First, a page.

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A Spanish court ruling that declared invalid sales tax revenue settlements over a three-year period, which one union estimated to top $6 billion, will not affect public accounts, the Economy Ministry said yesterday.

The court made a ruling in June that declared some sales tax settlements from 2006 to 2008 invalid due to a change in how the tax was calculated, the ministry said in a statement.

The ruling likely meant a delay in the collection of a few hundred thousand euros, a spokesman for the tax office told Reuters, although he declined to give an exact figure for the sum involved.

Economy Minister Elena Salgado said the ruling had no implication for the state deficit and simply meant a few thousand tax settlements have to be recalculated. “There is no risk of damage to the public treasury,” she said at a press conference following a government meeting.
The ruling would not lead to any shortfall in the state's accounts because the taxes had not yet been collected, so there was no pay-back implied, and taxes would be freshly calculated under the new criteria, the ministry said.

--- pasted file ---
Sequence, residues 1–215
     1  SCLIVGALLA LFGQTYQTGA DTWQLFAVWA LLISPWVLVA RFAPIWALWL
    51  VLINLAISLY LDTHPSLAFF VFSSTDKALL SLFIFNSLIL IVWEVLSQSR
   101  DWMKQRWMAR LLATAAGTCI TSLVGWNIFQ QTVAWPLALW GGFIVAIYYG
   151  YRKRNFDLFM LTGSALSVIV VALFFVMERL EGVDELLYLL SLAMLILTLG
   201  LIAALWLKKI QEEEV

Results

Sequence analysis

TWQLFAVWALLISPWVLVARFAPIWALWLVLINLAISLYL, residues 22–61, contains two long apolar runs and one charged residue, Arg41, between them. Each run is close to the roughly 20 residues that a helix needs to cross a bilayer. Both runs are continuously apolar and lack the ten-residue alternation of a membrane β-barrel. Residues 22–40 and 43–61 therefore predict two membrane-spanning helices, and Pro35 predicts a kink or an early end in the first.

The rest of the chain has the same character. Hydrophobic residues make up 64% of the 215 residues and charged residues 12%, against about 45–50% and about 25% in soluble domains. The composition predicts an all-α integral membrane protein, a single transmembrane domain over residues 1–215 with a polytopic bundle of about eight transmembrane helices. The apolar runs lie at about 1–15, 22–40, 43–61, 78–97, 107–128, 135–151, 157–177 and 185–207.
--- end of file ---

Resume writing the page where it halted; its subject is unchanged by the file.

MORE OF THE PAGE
Spain has imposed strict austerity measures to bring down its public deficit in a bid to avert market fears it may suffer a debt crisis similar to Greece.

The Mediterranean country, one of several so-called peripheral euro zone nations at the centre of fears about the viability of the euro currency, aims to reduce its total public deficit to 3 percent of gross domestic product by 2013 from 11.2 percent in 2009, in line with European Union guidelines.

The 10-year Spanish/German government bond yield spread widened by 3 basis points on the day to 181 basis points - its widest since July 16.

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